To improve the local environment and biodiversity

In urban or industrialised areas, and even farmland, trees and hedges can act as stepping stones for local wildlife. They provide food and create safe pathways to move from one space to another without the risk of being spotted by predators or get hit by traffic.

When it comes to planting trees and creating new green spaces, it’s important to consciously choose native species to plant. These are better adapted to the local environment in various ways

  • They will grow better
  • They are more resilient and can withstand drought better
  • They are crucial for local biodiversity: they are a link or thread in the web that is the ecosystem. Local wildlife thrives on native species. 

This is why we’re choosing to get our trees from the Woodland Trust, a UK’s largest Woodland Conservation Charity. They protect forests and strive to create new, sustainable green spaces. Most of the trees you can purchase from them are native to the UK and most of Europe. 

Stuck on how to find out what species are native to your area? Get in touch with a local nature and wildlife organisation! They often have resources on their websites or even organise workshops that can help you rethink your outdoor space.

To improve mental health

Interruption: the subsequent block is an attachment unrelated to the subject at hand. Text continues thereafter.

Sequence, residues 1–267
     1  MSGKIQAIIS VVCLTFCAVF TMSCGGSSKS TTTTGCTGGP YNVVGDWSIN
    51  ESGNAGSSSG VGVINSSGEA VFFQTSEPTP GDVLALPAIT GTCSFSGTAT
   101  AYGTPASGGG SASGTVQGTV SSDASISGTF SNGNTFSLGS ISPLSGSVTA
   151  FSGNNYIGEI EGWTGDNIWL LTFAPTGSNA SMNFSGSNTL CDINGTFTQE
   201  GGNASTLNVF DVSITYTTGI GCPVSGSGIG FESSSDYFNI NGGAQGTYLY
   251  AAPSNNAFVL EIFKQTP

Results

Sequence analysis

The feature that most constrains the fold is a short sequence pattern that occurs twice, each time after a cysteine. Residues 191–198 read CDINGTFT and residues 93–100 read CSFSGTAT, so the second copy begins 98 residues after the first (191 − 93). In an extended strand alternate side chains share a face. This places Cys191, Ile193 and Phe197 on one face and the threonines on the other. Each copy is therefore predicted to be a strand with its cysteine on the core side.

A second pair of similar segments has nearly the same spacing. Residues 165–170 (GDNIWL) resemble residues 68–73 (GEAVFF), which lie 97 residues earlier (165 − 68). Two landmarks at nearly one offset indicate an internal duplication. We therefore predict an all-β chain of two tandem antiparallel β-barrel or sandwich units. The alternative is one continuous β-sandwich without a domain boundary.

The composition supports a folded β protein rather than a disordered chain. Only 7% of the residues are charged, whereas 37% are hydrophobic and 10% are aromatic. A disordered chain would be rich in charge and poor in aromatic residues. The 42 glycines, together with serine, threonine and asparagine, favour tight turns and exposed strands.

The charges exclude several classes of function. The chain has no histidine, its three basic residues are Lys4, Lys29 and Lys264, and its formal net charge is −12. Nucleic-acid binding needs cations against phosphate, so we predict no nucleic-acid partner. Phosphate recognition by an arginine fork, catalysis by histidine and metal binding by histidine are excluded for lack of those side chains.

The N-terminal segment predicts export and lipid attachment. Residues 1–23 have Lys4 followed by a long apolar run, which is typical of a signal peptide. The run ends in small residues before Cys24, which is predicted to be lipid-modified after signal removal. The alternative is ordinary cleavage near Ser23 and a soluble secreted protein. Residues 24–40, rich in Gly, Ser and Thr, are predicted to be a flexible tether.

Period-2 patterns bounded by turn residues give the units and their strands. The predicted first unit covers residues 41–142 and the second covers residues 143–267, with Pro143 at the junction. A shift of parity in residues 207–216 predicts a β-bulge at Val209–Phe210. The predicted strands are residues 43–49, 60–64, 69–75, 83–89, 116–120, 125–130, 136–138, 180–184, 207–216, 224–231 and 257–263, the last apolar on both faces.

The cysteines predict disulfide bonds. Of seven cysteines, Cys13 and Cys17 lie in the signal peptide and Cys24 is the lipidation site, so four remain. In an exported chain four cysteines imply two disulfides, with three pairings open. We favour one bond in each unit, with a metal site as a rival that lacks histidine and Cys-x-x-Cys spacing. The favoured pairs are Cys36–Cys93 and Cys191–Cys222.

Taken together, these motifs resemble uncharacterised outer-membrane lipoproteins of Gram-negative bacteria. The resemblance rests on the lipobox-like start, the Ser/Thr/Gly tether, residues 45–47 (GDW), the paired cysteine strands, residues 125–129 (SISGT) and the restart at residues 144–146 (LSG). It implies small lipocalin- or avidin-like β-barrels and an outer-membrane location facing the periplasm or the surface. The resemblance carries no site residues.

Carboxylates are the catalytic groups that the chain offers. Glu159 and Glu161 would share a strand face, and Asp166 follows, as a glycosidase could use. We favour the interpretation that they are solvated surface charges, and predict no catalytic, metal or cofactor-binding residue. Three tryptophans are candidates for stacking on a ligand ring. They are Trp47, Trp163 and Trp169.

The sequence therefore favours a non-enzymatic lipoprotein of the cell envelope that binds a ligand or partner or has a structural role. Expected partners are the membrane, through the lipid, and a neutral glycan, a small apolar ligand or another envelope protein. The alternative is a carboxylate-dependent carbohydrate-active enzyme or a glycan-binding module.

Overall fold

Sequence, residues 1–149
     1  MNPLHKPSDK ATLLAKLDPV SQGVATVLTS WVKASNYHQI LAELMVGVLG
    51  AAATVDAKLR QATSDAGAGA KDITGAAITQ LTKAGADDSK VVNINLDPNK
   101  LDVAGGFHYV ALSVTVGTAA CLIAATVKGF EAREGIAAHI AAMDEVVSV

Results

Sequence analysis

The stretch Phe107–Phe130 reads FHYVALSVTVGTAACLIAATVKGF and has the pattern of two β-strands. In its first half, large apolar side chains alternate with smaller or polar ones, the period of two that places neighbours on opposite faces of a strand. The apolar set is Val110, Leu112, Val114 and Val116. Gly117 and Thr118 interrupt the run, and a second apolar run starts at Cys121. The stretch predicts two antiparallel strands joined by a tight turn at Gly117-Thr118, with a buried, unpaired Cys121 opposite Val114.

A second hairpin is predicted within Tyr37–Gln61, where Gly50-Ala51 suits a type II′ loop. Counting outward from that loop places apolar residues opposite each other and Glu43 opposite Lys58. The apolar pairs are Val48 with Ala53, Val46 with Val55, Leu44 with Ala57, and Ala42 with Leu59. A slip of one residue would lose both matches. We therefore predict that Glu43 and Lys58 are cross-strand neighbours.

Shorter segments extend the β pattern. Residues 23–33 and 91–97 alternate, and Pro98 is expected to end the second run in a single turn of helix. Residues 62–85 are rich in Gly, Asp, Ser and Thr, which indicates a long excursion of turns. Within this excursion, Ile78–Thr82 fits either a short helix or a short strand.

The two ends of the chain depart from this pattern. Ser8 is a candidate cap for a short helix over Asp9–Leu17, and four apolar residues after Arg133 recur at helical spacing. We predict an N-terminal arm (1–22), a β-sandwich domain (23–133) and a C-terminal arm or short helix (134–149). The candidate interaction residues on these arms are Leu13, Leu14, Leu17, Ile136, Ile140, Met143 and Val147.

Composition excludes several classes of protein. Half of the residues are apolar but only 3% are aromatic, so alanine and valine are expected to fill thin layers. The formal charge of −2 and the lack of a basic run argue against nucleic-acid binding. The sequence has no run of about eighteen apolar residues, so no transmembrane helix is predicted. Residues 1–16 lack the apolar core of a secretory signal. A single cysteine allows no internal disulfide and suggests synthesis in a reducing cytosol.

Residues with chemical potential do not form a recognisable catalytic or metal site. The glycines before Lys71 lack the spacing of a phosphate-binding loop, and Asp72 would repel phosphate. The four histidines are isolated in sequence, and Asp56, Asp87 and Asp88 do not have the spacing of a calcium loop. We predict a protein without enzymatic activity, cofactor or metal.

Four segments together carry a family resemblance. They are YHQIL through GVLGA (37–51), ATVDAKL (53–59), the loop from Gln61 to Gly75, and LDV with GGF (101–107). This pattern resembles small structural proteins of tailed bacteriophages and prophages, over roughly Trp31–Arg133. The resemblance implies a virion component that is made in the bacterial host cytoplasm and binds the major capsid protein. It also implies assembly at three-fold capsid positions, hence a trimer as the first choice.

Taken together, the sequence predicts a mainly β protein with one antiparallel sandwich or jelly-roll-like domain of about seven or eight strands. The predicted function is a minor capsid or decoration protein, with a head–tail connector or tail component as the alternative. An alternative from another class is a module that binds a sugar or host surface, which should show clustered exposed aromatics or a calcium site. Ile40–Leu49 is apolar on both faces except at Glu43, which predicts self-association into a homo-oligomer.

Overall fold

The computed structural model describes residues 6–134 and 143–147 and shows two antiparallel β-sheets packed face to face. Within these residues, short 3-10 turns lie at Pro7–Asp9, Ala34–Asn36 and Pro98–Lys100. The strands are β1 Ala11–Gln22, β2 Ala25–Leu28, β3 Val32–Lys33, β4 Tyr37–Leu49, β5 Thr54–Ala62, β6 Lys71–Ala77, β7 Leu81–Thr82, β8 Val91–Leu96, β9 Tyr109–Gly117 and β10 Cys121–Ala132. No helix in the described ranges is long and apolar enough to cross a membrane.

As for mental health, there’s no quick fix. It’s not as easy as saying “go outside and you will be happy forever”. If you are struggling, we highly recommend seeking professional help. There has been lots of research in the past few decades on the positive effects of nature on (mental) health. Spending time in nature has many benefits. A recent study by the National Trust showed that people who spend time outside actively noticing nature are happier than those who just use the outdoors for activities such as exercise. 

“Everyone’s been affected in very different ways by Corona. We are fortunate to have been healthy during this time, and we have tried to use it to reflect on ourselves and the world around us.” said Phil.

What can we do?

Sometimes the smallest of actions can create a world of change. 

Planting a small sapling may feel seemingly futile in a world where the climate emergency seems inevitable and the tides of change so great. 

But did you know that throughout it’s lifespan a beech tree will produce 6,600 kilograms of oxygen for living creatures. Which is enough oxygen produced for 10 people each year.

The climate problem is not going to be resolved in our lifetime, so we must look at actionable long term solutions. Taking small incremental steps regularly will help improve our environment, our future and our own physical and mental health. 

Planting a Grower Tree? Let us know and feel free to tag us in a picture! We are planning on planting more trees, so join the mailing list if you’d like to join us.

Let us know if you have any suggestions on actions or initiatives that we can take to help tackle the climate emergency. You can find more resources on environmentalism, climate emergency & nature conservation on our Social Justice page.